DR environment for Azure Api Management | backup and restore

Azure API Management allows the entire service configuration to be backed up to a storage account.
Either on an ad-hoc basis or on a predefined schedule using Azure Automation, you can back up and restore the configuration to another API Management instance (in another region for DR).

I’ve found that it takes about 15 minutes to restore the configuration, during which you cannot make any other changes to the APIM service, or use the Publisher/Developer portal. This includes any changes that you try to apply using Powershell/Xplat-cli/API, you will receive an error that you cannot make changes whilst the configuration is being applied.

It should be noted that after restoration, the usage statistics are not carried across, the APIM instances usage statistics will remain. The backup/restore is really intended for syncing Production with other non Production environments (DR, Pre-prod, etc). Not to be used to apply release changes to your production environment.

Official MSDN Docs;
Backup-AzureRmApiManagement : https://msdn.microsoft.com/en-us/library/mt619281.aspx
Restore-AzureRmApiManagement : https://msdn.microsoft.com/en-us/library/mt619278.aspx

Powershell script

Azure API Management Soap Facade

When you’ve got an old web service that’s needing to be consumed by a mobile app (which loves binding json) – but you can’t change the code of your webservice, you’ve got 1 real option available. Create a façade for the web service.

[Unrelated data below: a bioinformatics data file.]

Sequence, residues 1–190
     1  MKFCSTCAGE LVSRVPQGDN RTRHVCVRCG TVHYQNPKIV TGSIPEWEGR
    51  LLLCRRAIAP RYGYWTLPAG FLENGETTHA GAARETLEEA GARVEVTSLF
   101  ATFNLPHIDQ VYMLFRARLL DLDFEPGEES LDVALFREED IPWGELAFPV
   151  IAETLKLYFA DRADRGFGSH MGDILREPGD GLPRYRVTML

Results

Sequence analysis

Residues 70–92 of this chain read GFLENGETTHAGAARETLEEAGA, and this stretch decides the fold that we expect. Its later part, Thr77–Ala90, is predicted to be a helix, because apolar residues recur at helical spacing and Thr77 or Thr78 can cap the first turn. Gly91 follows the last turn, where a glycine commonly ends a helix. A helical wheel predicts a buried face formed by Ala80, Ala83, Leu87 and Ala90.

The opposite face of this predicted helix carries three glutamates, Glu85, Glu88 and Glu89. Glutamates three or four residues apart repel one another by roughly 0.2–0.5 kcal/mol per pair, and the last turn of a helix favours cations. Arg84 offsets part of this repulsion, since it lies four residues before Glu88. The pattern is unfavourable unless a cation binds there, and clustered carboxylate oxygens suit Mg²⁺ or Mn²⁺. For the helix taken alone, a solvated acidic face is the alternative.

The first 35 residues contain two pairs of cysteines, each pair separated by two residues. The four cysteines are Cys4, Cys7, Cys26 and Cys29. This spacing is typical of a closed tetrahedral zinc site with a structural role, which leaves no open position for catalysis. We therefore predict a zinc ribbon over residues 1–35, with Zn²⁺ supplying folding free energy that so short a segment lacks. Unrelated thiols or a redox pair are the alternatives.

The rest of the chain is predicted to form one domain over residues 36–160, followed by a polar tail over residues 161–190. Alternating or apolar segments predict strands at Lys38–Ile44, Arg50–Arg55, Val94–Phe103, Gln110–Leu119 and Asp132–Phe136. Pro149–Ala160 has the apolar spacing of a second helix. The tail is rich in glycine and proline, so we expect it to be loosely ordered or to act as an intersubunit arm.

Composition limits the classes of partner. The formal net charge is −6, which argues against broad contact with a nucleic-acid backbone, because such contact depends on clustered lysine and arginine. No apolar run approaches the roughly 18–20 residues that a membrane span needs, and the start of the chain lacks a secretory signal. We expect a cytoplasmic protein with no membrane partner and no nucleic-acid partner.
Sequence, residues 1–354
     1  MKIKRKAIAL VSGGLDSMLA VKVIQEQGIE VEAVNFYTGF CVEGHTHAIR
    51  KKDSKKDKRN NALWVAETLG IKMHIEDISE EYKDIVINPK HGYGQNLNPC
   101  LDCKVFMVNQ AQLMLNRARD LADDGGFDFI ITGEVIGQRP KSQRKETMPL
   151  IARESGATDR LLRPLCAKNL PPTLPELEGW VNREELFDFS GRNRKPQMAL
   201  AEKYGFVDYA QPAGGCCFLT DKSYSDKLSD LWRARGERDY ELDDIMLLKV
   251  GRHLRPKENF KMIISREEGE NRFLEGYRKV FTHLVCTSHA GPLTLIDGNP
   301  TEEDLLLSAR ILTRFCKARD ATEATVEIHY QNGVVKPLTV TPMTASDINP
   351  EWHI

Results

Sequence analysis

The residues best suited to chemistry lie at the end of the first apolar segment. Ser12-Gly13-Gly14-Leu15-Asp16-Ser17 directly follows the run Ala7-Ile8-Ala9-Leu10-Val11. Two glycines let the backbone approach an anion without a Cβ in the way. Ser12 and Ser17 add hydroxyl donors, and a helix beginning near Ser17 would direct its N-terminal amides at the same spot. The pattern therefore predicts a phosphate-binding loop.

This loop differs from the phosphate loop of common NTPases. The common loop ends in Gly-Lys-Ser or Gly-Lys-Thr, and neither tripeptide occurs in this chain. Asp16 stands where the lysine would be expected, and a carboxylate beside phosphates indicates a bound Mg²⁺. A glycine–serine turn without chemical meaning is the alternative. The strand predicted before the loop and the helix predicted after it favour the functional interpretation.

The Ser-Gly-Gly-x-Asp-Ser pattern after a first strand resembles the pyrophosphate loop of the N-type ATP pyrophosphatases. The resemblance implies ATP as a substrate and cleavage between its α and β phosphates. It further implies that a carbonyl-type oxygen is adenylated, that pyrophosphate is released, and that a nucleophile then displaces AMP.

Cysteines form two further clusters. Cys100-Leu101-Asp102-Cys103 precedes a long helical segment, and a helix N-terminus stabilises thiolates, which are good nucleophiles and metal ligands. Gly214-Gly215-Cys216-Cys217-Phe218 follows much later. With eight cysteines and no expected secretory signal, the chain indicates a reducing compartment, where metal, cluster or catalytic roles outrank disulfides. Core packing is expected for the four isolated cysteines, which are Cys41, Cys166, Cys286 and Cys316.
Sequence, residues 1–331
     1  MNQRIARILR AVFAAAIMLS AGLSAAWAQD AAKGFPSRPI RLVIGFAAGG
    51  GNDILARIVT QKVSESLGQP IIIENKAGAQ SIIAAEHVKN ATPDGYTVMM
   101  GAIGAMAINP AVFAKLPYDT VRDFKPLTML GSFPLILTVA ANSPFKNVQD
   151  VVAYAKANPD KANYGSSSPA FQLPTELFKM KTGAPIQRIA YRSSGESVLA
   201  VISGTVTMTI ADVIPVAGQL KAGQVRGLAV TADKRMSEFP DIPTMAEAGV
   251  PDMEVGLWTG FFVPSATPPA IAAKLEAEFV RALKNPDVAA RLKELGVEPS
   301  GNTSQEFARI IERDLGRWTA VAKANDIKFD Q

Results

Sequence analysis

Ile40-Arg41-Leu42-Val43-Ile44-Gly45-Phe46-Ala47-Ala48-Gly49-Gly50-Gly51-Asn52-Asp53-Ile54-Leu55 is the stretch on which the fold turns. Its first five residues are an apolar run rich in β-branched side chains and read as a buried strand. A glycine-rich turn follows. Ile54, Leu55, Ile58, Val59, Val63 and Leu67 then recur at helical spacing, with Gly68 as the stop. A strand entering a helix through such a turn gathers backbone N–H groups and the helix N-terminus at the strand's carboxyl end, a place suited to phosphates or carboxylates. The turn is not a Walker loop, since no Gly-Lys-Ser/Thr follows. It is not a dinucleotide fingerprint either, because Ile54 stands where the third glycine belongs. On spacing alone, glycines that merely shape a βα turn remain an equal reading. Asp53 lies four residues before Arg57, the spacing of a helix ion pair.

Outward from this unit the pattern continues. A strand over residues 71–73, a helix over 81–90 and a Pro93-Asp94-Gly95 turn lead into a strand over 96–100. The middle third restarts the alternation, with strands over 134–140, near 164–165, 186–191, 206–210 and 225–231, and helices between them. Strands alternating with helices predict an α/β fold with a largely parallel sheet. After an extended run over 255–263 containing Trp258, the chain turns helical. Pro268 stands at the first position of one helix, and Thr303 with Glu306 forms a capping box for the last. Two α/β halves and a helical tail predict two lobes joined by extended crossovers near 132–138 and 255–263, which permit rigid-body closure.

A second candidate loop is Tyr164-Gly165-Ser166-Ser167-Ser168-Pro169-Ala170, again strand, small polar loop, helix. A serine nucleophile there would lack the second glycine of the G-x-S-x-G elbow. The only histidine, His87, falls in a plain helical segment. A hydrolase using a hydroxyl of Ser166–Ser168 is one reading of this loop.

The main benefit is of course that the mobile app can consume the json directly, without conversion. But API Management also gives you the ability to manage multiple Api’s, protect the API’s (security/throttling), monitor/monetise the API’s and more importantly introduce a caching layer.

Here’s a great guide that a fellow Softie’s written, which takes you through the whole process with a great explanation.

Using Azure API Management To Convert SOAP API XML to JSON

To take it a little further, if you don’t want to submit a SOAP-esque json docment then you need to do a little more policy authoring. My service doesn’t require anything in the request body, just 2 querystring parameters.

The key parts in the policy below are;

  • Wrap the SOAP envelope in CDATA tags
  • Use tokens in your SOAP packet, and replace them after setting the request body
  • Set the header to text/xml after setting the body
  • Use an Eventhub to debug the new body of the request you’re making. This site is really helpful in getting the Eventhub working with APIM
  • Convert the response to Json
  • Consider replacing some of the response Soap envelope tags and xml namespace tags